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Using AI and Operations Research during the Covid-19 pandemic

Professor Tshilidzi Marwala is the Vice-Chancellor and Principal of the University of Johannesburg. He recently penned an opinion article that appeared in the (December 2020/January 2021) edition of Forbes Africa Magazine.

In October 2020, it emerged that artificial intelligence (AI) was being used by crop researchers to breed crops for the changing climate. This is logical when you consider the significant time it takes to breed crops. A breeder examines which specific plants in a species are most resistant to weather phenomena such as drought and then crosses these plants to produce the best offspring. This process is repeated continuously over seven years until the most optimal variant is achieved.

With a growing global population and climate change taking hold, crop breeders do not have the time to keep up with the demand. Using AI techniques, the crop breeders can rapidly assess which plants grow the fastest in a particular climate or produce an optimum combination of genes, given the context. Simply put, this is Operations Research (OR) and AI in effect. As San Tzu put it in The Art of War, arguably the personification of OR, “Victorious warriors win first and then go to war, while defeated warriors go to war first and then seek to win.”

In October 2020, I addressed the Operations Research Society of South Africa. OR is a discipline that looks into solving a problem by defining the objective and then using optimization algorithms to predict the best path. It is used extensively in logistics, supply chain, scheduling of complex problems, and manufacturing. Considering that the goal of OR is to make rational decisions, and the objective of AI is to make human-like decisions, there is room for collaboration between these two disciplines. As Donald Brown wrote in the 1990 book Operations Research and Artificial Intelligence, “Researchers in operations research and artificial intelligence have traditionally remained separate in their activities. Recently, there has been an explosion of work at the border of the two fields, as members of both communities seek to leverage their activities and resolve problems that remain intractable to pure operations research or artificial intelligence techniques.”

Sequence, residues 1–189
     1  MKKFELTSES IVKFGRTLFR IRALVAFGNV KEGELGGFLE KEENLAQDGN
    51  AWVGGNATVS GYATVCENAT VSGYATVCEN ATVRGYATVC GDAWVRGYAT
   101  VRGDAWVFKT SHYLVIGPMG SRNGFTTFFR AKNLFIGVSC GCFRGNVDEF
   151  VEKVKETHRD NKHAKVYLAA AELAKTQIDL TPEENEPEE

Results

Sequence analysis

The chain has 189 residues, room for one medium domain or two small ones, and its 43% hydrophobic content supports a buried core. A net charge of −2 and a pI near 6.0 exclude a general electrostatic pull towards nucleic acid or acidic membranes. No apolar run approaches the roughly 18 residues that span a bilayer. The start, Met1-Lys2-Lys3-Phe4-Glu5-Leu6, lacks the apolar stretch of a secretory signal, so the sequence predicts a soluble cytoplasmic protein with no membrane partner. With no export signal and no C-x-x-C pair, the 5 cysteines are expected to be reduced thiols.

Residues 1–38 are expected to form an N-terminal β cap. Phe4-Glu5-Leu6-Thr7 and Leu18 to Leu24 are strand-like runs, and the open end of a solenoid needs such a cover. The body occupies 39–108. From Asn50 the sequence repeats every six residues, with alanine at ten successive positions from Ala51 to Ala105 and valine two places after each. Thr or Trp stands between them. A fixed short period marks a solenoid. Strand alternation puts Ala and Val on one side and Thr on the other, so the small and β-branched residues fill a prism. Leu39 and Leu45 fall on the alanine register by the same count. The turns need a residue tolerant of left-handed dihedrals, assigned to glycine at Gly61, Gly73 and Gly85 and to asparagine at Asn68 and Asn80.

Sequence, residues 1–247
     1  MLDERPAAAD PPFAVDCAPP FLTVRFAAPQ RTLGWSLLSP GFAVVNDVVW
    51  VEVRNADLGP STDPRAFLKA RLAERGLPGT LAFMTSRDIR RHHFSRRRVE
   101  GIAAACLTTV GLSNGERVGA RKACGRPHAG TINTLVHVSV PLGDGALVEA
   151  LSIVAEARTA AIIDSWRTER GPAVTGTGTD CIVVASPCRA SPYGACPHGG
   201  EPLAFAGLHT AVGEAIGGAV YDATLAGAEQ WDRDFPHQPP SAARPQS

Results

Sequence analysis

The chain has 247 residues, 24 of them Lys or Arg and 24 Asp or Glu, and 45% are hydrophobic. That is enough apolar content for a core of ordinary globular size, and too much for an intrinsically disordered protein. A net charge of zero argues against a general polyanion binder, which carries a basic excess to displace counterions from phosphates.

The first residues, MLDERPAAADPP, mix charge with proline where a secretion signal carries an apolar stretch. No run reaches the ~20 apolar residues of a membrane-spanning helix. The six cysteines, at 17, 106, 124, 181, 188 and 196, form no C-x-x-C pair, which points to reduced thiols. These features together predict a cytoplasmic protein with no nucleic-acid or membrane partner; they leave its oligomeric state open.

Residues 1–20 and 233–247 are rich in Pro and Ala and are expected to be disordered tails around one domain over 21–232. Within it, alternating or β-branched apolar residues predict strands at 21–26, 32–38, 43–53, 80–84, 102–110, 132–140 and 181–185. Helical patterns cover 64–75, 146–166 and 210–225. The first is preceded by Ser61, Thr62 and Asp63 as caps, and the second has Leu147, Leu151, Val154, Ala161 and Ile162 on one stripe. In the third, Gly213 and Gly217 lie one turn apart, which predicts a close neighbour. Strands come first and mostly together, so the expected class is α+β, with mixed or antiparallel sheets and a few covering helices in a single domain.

While we may not have named it, OR has been used extensively during the COVID-19 pandemic. It has been intriguing to observe different scientists using data to inform decision making, which are quite varied. Even as they were being revised, these statistics determined the public health response, given the pandemic’s very live nature. For instance, the promotion of Personal Protective Equipment, masks, and limiting gatherings was driven by decision-making using OR. In May 2020, Pandata released a report using OR to quantify years of lost life in South Africa due to COVID-19.

In 1986, the Spacecraft Challenger broke apart 73 seconds after its launch from Cape Canaveral, crashing into the Atlantic Ocean from some 50,000 feet altitude. All seven astronauts aboard were killed, including a high school teacher selected to join the mission. In the aftermath, an investigation found that NASA had known that freezing temperatures could result in damage to the spacecraft’s rubber O-rings, which separated its rocket boosters and prevented fuel leaks. However, NASA decided to go ahead with the launch anyway. The fragmentation of datasets and the willful ignoring of a specific dataset, which included the reaction of parts of the Challenger to climatic conditions, is an example, which resulted in tragic consequences.

Imagine if NASA had used AI and operations research in the process. Perhaps, there could have been an alternative for the extreme cold temperatures. Maybe, the Challenger could have had a successful mission, and maybe the words, “Flight controllers here are looking very carefully at the situation…a major malfunction,” would never have been uttered.

Given that for us to industrialize and grow our economy, there are crucial questions that we ought to ask as African universities. Do we have expertise in OR in our universities? Are many students majoring in OR? What research is happening at our universities in this important area? Are we in the game, in the emerging area of the convergence between AI and OR? The answers to these questions are negative. The African Union Commission on Human Resources, Science, and Technology must develop a strategy to answer these questions so that we can prepare the necessary human capacity that will ensure that we meet Agenda 2063.

*The views expressed in the article is that of the author/s and does not necessarily reflect that of the University of Johannesburg.

prof tshilidzi marwala

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